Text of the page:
So how does the disc survive then?!?
Your shiny disc shock absorbers receive nutrients from movement. So when your spinal bones stop moving, your disc gets dehydrated and starts to degenerate. I am sure you know and have seen an older person that has started to hunch forward with age - This is how we shrink.
The sad thing is that I see teens and young professionals with this posture as well! Our smart phones are keeping us super connected, but wreaking havoc on our posture and our height.
Are you headed for a life as a shorter adult? Learn how to check your posture and see if you have it under control after watching here:
Stay tall, my friends.
This is a good thing, right? I mean collectively as a culture we have recognized that smoking was/ is contributing to much disease and suffering within our cultural framework and have actively taken steps to discontinue its use. Albeit that habit and addiction are a tough thing for people to beat.
So how is sitting the new smoking? A study done by the American College of Sports Medicine found that those whose work involved mostly standing/ walking about, had a 32 percent decrease risk of early death than those who worked in sitting jobs. Our sedentary life, social, commuting, and work styles are feeding the amount of lifestyle disease and depression that is widespread in our country; Mostly because we were not built for it. We were never designed to sit hour to hour, minute to minute, in a fixed position as we draft emails, study in lectures, travel in automobiles, or watch football for hours on end. We were made to get up every day, to forage for or grow food, and hunt to support our families and carry on our evolutionary genes.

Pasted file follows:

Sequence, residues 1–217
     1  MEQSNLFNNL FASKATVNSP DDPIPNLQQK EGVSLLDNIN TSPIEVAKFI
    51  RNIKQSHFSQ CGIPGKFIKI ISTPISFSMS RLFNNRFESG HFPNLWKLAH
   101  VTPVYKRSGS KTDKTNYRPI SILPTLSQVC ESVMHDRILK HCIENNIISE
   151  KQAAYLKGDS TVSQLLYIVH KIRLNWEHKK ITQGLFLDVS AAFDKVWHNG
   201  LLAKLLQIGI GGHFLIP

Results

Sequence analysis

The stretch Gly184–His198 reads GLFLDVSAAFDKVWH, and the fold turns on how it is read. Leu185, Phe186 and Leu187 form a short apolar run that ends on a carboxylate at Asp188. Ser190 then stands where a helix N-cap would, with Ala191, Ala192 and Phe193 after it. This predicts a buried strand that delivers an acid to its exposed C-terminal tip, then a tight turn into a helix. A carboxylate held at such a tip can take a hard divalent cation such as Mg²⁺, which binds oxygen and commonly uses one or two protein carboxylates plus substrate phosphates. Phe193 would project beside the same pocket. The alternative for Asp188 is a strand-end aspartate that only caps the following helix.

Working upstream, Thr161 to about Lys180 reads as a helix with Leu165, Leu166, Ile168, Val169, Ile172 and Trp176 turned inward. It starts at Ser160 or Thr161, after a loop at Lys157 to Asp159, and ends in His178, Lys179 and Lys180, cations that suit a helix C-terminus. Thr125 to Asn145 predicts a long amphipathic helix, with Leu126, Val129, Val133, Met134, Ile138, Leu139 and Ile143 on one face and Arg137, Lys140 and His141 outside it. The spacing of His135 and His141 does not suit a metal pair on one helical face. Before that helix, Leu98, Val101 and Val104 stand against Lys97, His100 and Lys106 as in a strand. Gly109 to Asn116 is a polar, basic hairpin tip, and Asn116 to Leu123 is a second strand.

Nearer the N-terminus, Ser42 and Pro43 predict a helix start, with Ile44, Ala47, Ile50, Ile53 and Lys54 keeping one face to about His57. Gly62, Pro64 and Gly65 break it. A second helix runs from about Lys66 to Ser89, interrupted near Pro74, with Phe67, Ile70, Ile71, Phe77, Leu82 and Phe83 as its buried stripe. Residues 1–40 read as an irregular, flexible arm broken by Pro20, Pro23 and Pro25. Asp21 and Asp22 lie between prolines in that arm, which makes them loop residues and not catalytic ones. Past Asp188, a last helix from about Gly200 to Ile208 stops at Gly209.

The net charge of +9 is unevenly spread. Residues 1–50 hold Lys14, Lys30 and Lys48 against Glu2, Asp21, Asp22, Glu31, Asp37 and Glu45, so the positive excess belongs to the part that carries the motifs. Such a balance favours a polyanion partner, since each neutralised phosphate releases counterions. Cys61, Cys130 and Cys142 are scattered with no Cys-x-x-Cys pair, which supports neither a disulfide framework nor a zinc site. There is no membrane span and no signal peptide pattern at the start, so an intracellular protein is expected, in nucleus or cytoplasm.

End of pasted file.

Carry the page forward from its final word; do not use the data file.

Our body is made of various materials, all of which are fixed to, intertwined, and dynamically connected with fascia. Think of fascia as this spider web material that is easily molded and tapered with every movement. This fascia is what enables us to move all of our individual muscles, bones, nerves, arteries, veins as a singular vessel - Our Body.
If we spend a majority of our time in one position, our bodies will become molded tn that position. This leads to decreased mobility. Decreased mobility translates to poor movement strategies which leads to poor quality of life.
How can you gauge how sitting is affecting your life?
Pain, or lack of health, is one way to know that you are not moving enough. But, we do not want to wait until warning signs show up to take action for our health do we? We must be proactive here.
The Sit to Stand and Stand to Sit Test
To perform this test you simply evaluate how you go from a standing position to sitting position on the floor, and from sitting to back to standing. The goal is to perform these motions in one fluid movement without the use of knees, hands, or props. Sound impossible? View a demonstration of the test below.
If you perform the test as demonstrated, you receive 5 points for standing to sitting, and 5 points for sitting to standing, totaling 10 points. Then, subtract one point for every form of assistance used: hand, knee, hand on knee, chair, etc. (Minus half a point if there is a sudden plop to the ground from standing to sitting).
Researchers out of Brazil monitored 2,000 people and they found that there is a high correlation between your point system and your longevity of life. For every point you have you experience a 21% increase in longevity. Neat huh?
Try it out and post your results here.
Social change begins with ourselves. Self awareness is the first step. Encourage your friends and loved ones to try out the test. If they do not like their score, encourage them to move more with you.
Dr. Drwencke is a sports chiropractor, speaker, & clinical athlete in San Francisco. Her posts reflect some of the day to day interactions and questions from patients and clients. Dr. Drwencke strives to empower people through injury rehab and sports performance to lead healthy, productive lives.